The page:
Last updated on 4th October 2019
Tingling History and Rich Rainforests
It takes 43 Ringgit and a lengthy bus ride of 7h to cover the 330km distance between Kota Kinabalu and Sandakan. The ride took me around Mount Kinabalu so that I could see its beautiful summit on a sunny day while I was grounded. Good for the hikers who were on the top that moment enjoying the view. The rest of the journey took me through endless palm oil plantations. For my European eye those palm tree forests look beautiful but knowing that all this once was rain forest gives another perspective.
Sandakan is a small town at the east coast of Borneo. The sound of Sandakan has a magical flair, it associates with fairy tales of a foreign country, with wild tropical forest, untouched nature and traditional colonial-style settlement in-midst of untouched wild jungle and palm-fringed beaches of crystal clear waters. The name also reminded me the books and the TV series about the fearless pirate-hero Sandokan, the tiger of Malaysia, who fought the oppressive and ruthless British government to free his country from the chains of their exploitation. I was one of the thousand kids falling in love with the film, the music, the island and Sandokan itself of course. He was our Jack Sparrow at the time.
When I came to Sandakan, I found quite the opposite of what I expected. Sandakan was completely destroyed during WWII and its reconstruction is ugly and shabby. The town is dirty and smells. I also found there is not much to see or to do. I had time for jogging at the sports ground that is open to the public, despite the haze which was still there and made the sky grey.
Most tourists use Sandakan as a hub to visit the amazing wildlife around the city: observe the great apes at the Sepilok Orang Utan Rehabilitation Centre, spend a night at the Seligan Turtle Island or the cruise the Kinabatangan river. All this can actually be done without staying in Sandakan as there are resorts and homestays at all three places.
Being already in town I took the time to explore its streets and places. I decided not to go to Turtle Islands as the pricing was ridiculous: 745MYR for a boat ride of 30km and one night on the island to see one turtle laying their eggs at night. But all other things I have done and more.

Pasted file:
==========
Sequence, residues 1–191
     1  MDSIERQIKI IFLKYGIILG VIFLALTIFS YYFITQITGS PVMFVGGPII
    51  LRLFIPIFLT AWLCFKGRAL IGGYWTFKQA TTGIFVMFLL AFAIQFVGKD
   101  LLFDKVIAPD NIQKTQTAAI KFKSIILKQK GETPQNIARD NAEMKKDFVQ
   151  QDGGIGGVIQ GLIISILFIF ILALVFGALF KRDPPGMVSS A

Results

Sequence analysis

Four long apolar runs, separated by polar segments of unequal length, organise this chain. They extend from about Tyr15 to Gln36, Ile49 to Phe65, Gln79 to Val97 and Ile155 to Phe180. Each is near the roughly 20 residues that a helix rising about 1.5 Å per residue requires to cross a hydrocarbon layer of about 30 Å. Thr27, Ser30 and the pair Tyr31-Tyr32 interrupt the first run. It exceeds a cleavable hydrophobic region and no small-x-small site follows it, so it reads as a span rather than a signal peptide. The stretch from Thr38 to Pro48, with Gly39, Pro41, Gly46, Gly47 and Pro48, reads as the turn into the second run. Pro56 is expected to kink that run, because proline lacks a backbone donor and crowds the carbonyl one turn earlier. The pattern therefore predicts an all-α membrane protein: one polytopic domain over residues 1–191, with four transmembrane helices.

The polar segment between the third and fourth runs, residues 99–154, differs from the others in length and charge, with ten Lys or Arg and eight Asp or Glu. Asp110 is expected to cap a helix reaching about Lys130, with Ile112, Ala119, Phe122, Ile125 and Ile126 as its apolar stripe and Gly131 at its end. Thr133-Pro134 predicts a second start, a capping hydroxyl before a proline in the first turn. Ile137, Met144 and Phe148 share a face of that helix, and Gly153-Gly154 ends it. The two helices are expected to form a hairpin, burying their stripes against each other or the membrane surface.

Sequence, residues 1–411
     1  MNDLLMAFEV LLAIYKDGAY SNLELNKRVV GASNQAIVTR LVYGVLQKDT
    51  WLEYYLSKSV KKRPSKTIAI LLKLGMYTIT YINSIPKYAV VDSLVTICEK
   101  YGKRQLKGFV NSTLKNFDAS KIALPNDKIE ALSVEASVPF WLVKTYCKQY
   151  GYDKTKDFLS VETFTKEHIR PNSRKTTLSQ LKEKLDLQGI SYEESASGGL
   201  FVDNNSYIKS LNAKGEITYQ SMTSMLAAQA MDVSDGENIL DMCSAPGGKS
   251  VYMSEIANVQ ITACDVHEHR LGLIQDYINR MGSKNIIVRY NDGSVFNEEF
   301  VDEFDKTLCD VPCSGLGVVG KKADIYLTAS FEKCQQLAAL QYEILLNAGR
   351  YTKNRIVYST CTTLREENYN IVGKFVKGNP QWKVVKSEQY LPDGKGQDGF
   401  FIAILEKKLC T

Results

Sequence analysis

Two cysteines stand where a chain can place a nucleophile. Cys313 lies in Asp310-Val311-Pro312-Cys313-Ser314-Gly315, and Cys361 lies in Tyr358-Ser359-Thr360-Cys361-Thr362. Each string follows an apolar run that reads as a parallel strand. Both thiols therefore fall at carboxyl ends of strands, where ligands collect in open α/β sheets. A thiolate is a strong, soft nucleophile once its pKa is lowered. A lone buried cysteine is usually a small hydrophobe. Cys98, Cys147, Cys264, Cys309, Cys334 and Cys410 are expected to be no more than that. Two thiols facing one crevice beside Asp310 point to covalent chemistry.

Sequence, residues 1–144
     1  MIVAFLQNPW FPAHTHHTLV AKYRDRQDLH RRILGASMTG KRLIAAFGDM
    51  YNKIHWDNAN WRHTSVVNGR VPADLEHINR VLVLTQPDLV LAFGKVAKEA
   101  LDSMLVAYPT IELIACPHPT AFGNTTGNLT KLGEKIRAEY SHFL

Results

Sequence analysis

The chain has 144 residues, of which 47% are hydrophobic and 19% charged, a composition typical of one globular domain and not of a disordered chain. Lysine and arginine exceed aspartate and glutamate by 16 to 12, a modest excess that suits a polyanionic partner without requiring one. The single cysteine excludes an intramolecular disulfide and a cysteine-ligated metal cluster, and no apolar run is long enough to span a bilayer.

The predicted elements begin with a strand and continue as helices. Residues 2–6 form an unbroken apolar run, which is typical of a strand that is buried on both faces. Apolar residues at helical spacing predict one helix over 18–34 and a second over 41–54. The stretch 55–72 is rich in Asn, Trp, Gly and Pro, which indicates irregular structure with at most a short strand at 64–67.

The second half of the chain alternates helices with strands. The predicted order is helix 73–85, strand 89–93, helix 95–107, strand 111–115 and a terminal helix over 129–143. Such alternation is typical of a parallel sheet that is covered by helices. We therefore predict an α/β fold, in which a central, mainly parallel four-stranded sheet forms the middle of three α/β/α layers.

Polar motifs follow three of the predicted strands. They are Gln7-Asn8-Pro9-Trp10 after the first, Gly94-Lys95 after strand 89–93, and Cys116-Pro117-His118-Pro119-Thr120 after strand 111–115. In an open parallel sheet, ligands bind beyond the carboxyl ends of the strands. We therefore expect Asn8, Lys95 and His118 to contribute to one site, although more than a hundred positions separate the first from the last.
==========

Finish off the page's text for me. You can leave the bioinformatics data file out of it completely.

Sandakan Town Centre
The town is very provincial and the town centre includes not more than two main streets. There are shops and restaurants, two or three big supermarkets and also a big shopping mall. Along the water front are a few restaurants featuring ocean view but it smells and therefore it is not so much a win. Alternatively, the NAK Hotel, where I stayed, provides a rooftop terrace: the Balin Rooftop Restaurant. From there the sunset can be enjoyed best with a nice glass of a fancy cool drink.
Sandakan was once an important port and played a major role in Borneo’s history. So it is the history rather than the present that is worth to be discovered. The town has tried to put places together that are connected to its cultural heritage. The result was the Heritage Trail leading to different points of historical importance. I have followed the trail using an online map as the trail is not very well marked. On my way I visited the Chinese Sam Sing Kung Temple, the St.Michael’s & All Angels Church, one of the few all-stone buildings in Borneo, the Agnes Keith House, the wooden villa of an American forest conservator and novelist, and nearby the English Teahouse and the Rotary Observation point. I stopped at the teahouse and very much enjoyed the view from the hill above the town and also a nice cool drink and a salad, a very welcome difference to my daily rice and noodles diet. It is a little bit more expensive though but worth it.
Sepilok Orang Utan Rehabilitation Centre
A 45min drive east of Sandakan, at the edge of the Sepilok National Park, the famous Sepilok Orang Utan Rehabilitation Centre invites to observe the “Man of the Forest”. It was founded 1964 by Barbara Harrison to rehabilitate orphaned Orang Utans. Since then the Orang Utan Rehabilitation Centre cares for orphaned or injured Orang Utans or for those that were illegally being kept as a pet. They are kept semi-free in a natural forest environment until the time for their release has come. The young Orang Utans are raised and trained by older Orang Utans in an “Orang Utan Nursery” where tourists can watch their play from a safe position behind soundproof glass. I very much enjoyed seeing there play and interaction and I found it also interesting to study their behaviour as it is often so similar to humans!